Jed Alterman ’23, Meg Dodge ’23, and Danielle Lemisch ’23 among the 254 engineering students from across the country to receive the competitive scholarships from the nation’s premier engineering honor society. Twitter
By Bryan Hay
Three senior Lafayette College engineering students have won competitive scholarships from Tau Beta Pi Association, the nation’s premier engineering honor society, a reflection of each student’s academic achievement and expected contributions in the fields of study.
Jed Alterman ’23, Meg Dodge ’23, and Danielle Lemisch ’23 are among the 254 engineering students from across the country to receive the $2,000 award. The scholarships are awarded based on the competitive criteria of high scholarship, campus leadership and service, and the promise of future contributions to the engineering profession. All scholars are members of Tau Beta Pi.
“I was very honored to learn that I received the scholarship and equally honored to be invited to apply and be initiated into Tau Beta Pi,” says Alterman, a mechanical engineering major with a minor in mathematics. “It’s humbling to associate myself with very impressive individuals who have received a scholarship. I’m very happy and proud to be in that group.”
In practical terms, he says the scholarship affords him resources for travel to job interviews and to purchase professional attire and technology to be successful in the job search. After Lafayette, Alterman plans to pursue a career in engineering and business management consulting.
“The financial element of education is not an insignificant one,” says Alterman, who serves as treasurer of the College’s chapter of Engineers Without Borders, an engineering service organization, and previously served as its vice president. He also is academic chair for his Greek life chapter and president of Lafayette College’s engineering honor society.
“We live in a very competitive world,” he adds. “The simple economics are that jobs are scarce and demand for them is high. So being able to set myself apart in any way and to associate myself with very impressive individuals are advantages and advantages that Lafayette offers.”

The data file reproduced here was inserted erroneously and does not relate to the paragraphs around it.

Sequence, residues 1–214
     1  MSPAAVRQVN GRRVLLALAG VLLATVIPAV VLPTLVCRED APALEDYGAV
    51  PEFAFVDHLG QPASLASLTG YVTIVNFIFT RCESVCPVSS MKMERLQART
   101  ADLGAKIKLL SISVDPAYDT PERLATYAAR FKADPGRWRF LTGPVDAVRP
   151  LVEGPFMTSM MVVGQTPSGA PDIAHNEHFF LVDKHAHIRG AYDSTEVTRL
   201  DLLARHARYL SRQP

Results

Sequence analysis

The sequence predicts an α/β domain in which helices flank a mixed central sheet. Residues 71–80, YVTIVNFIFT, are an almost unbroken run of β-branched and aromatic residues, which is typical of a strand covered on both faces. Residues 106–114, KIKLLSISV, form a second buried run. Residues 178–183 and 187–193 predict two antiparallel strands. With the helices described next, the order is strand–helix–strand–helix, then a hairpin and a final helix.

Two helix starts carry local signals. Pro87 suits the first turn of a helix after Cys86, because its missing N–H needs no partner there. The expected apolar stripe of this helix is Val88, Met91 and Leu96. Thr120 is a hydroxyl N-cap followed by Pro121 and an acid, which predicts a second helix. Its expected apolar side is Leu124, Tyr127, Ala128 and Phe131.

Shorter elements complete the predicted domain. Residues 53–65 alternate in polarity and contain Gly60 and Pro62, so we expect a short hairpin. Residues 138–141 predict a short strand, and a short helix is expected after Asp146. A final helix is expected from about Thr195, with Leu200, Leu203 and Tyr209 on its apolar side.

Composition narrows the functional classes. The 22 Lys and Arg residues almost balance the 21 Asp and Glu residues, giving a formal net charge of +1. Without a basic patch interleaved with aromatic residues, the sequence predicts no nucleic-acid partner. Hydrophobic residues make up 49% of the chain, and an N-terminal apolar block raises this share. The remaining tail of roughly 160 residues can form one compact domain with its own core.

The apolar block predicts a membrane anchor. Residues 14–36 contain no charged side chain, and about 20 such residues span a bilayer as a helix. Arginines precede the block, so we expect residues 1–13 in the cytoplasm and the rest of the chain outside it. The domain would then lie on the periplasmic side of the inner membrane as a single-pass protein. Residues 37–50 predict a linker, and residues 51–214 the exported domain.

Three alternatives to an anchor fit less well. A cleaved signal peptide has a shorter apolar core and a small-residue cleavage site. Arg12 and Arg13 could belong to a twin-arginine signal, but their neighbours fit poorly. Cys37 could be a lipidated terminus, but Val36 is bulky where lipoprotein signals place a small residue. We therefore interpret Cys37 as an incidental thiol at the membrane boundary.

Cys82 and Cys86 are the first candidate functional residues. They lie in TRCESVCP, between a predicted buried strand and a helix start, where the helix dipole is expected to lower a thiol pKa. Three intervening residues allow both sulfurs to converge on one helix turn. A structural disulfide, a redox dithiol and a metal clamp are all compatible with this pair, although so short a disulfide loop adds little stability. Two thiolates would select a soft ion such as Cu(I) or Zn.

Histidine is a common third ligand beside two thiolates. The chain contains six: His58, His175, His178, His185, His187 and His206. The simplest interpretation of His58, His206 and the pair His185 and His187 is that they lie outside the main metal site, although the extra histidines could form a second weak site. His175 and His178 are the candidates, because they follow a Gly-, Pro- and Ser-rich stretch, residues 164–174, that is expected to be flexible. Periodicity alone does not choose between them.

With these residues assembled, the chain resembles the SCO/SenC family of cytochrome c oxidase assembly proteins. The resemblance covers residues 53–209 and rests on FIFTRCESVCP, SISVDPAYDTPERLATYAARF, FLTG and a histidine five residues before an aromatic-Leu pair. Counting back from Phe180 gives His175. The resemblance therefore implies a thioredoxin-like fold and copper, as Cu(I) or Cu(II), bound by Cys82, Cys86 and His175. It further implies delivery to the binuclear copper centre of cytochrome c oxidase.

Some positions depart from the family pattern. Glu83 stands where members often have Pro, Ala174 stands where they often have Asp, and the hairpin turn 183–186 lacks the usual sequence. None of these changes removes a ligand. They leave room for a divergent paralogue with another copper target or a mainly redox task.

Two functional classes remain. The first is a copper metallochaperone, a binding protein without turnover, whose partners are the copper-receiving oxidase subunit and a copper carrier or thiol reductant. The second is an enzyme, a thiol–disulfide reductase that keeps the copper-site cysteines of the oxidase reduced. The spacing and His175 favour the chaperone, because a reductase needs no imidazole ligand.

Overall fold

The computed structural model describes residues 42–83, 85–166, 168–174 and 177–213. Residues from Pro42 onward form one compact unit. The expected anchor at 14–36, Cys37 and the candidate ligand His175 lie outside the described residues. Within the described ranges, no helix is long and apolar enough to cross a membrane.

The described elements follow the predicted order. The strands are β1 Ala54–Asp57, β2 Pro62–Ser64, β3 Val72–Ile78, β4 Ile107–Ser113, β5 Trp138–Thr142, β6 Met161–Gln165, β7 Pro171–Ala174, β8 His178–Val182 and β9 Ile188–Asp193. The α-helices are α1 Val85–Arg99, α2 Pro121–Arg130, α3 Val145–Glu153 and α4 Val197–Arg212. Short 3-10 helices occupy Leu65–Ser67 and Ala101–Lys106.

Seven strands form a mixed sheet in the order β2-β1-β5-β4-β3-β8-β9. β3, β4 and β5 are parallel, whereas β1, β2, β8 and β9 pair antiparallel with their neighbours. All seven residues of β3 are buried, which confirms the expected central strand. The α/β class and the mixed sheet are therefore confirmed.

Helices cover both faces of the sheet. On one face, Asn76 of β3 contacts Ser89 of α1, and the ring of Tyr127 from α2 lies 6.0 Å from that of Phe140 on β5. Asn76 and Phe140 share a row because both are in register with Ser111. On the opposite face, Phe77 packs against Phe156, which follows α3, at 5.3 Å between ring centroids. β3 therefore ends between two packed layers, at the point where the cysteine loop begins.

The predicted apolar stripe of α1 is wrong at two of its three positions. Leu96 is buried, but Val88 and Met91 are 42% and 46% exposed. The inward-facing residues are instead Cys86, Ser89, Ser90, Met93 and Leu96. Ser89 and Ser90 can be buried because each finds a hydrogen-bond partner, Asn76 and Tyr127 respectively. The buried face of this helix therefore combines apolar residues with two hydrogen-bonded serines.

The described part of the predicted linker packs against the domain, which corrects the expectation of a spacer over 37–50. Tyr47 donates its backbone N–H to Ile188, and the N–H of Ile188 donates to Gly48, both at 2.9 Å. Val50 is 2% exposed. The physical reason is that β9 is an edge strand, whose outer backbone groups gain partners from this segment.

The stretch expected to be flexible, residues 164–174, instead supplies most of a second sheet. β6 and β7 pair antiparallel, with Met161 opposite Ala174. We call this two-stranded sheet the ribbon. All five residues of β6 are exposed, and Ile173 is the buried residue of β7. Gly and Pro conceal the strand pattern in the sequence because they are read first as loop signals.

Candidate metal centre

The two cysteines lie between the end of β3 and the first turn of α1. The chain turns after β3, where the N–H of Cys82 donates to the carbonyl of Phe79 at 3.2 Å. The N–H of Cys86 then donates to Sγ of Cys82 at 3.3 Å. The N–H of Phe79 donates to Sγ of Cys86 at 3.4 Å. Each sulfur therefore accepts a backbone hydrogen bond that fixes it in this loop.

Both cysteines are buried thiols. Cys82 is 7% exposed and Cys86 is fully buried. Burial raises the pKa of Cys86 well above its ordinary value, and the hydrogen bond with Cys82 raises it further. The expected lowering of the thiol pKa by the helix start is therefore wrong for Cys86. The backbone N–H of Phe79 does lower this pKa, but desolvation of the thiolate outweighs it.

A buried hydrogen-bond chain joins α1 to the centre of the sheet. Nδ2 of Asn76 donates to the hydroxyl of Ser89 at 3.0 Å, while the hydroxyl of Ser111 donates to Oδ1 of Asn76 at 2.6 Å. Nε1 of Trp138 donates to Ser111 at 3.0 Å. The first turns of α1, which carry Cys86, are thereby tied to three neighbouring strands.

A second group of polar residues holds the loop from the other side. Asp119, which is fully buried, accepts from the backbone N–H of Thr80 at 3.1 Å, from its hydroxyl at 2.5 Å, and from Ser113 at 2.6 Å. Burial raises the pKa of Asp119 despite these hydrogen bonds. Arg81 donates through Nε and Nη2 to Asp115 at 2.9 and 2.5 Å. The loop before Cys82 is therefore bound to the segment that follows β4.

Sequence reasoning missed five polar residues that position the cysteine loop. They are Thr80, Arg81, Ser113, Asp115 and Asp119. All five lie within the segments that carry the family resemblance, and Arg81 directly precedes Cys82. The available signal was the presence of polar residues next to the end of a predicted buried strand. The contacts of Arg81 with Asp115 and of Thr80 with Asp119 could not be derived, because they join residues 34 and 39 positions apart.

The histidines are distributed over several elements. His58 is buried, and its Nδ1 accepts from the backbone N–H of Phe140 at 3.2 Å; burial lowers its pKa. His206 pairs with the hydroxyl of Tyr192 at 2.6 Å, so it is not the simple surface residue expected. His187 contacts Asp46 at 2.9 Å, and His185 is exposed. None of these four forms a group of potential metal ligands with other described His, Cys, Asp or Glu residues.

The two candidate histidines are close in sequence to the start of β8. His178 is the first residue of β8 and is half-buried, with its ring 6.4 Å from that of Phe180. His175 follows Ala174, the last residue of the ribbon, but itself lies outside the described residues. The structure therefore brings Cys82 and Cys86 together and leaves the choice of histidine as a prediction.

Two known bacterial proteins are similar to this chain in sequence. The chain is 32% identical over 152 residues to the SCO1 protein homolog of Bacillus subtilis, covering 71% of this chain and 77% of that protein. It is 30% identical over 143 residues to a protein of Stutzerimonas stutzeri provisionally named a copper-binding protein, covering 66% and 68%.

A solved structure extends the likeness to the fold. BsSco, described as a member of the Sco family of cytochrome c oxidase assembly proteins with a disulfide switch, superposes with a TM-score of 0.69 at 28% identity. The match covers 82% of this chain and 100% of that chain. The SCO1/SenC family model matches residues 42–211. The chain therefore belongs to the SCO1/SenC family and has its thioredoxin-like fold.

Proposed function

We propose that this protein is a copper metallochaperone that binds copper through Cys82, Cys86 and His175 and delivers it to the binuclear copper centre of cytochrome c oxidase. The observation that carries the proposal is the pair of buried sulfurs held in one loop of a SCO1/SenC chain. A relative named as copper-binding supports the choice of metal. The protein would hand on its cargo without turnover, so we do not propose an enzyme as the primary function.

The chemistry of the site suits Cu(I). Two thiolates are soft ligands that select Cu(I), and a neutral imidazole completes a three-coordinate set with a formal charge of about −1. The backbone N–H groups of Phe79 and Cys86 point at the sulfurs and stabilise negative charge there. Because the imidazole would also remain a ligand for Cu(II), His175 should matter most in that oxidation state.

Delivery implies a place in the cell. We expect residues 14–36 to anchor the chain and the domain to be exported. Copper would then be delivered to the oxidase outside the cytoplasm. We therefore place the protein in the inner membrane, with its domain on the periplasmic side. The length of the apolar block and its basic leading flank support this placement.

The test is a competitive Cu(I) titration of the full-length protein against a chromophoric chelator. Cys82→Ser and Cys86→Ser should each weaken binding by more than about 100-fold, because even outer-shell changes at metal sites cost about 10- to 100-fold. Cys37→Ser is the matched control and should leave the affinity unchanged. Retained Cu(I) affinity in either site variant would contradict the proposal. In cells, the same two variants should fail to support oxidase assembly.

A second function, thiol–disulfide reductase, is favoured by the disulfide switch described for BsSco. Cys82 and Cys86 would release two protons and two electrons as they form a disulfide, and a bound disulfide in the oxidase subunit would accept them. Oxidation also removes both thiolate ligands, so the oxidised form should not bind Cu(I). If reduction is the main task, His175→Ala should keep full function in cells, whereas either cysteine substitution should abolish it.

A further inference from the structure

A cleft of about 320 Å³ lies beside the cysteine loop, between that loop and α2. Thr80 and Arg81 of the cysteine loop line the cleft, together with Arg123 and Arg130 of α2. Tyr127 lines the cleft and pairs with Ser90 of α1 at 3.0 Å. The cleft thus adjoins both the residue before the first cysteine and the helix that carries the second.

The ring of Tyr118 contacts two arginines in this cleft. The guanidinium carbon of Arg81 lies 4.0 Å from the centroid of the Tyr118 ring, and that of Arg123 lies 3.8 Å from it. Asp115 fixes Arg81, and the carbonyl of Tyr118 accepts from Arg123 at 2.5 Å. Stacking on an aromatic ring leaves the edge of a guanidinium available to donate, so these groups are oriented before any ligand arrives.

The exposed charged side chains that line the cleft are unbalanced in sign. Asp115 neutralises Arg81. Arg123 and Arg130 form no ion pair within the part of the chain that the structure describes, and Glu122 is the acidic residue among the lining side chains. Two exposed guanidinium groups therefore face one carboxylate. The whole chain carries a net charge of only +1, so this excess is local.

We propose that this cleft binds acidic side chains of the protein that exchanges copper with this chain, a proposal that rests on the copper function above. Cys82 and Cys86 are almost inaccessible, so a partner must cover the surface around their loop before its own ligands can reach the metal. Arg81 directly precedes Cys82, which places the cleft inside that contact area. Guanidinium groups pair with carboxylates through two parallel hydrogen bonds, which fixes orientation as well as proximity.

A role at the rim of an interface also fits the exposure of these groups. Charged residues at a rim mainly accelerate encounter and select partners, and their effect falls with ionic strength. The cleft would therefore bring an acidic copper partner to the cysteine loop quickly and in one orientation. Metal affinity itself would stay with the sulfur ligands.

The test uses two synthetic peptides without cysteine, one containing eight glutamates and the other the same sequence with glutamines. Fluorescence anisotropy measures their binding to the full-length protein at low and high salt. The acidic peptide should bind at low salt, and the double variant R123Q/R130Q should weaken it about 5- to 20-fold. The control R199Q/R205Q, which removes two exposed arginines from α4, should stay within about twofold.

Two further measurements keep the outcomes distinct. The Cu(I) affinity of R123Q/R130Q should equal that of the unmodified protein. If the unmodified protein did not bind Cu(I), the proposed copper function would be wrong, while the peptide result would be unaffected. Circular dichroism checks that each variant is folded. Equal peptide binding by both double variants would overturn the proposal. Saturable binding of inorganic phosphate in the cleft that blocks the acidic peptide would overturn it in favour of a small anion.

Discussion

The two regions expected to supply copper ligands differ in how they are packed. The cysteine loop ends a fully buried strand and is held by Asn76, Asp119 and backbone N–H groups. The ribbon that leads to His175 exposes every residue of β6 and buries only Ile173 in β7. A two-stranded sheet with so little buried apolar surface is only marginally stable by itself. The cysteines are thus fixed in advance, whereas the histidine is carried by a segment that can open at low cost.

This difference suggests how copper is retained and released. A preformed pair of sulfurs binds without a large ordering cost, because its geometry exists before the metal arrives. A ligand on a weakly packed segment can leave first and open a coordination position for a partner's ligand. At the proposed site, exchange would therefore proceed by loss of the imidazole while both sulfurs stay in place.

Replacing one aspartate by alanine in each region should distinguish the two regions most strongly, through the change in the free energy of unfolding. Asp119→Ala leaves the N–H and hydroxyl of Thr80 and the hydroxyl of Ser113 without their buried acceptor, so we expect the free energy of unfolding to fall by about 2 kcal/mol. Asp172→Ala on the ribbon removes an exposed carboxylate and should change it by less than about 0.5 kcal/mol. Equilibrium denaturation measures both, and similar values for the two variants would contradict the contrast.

Dodge, a chemical engineering major, was one of four finalists for a Goldwater Scholarship. At about the same time, she applied for a Tau Beta Pi Scholarship.
“So, it was kind of like one door closes another door opens,” she says. “I was very excited and immediately emailed all of the people who provided recommendations. It’s great to have the financial support and the academic recognition.”
Interested in chemistry since high school, Dodge is considering graduate school and continuing with chemical engineering after Lafayette.
She’s particularly interested in research and development, especially with a focus on sustainability, and has been working on research with Melissa Gordon, assistant professor of chemical and biomolecular engineering, on creating plastic out of birch tree bark.
Outside the classroom, Dodge serves as president of Lafayette’s chapter of the American Institute of Chemical Engineers and president of Alpha Phi Omega, a gender inclusive service fraternity. A Marquis Fellow, she’s also a big sister for Big Brothers Big Sisters of the Lehigh Valley.
Lemisch, a chemical engineering major with a minor in biotechnology/bioengineering, says having three Lafayette students named as Tau Beta Pi scholars speaks to the quality of Lafayette’s Engineering Division.
“It’s really a testament to how strong the curriculum is and how much the professors really support the students and everything that they do and want you to succeed,” she says.
With Polly Piergiovanni, professor of chemical and biomolecular engineering and the Air Products/Ghasemi Chair in Engineering for Interdisciplinary Teaching as her thesis adviser, Lemisch is working on developing biodegradable polysaccharide packaging to replace typical plastic packaging products for the food industry.
“Coming in as a first-year student, I didn’t even know that the food industry was one of the avenues you could go into as a chemical engineer,” she says. “Prof. Piergiovanni really opened up my horizons into what a chemical engineer can do.”
Over the summer, she interned at PepsiCo, working at a Frito-Lay manufacturing site. She’ll be returning to work for PepsiCo as a supply chain associate after graduation.
Outside the classroom, Lemisch, a Marquis Scholar, is a member of Lafayette College’s swimming and diving team, serves as the co-president of Lafayette’s chapter of the American Institute of Chemical Engineers, and is an Engineering Department peer mentor to the underclassmen engineering students. Additionally, she is an Ambassador of Lafayette tour guide, serves on the board of Lafayette’s Hillel Society, and is a member of Alpha Gamma Delta sorority.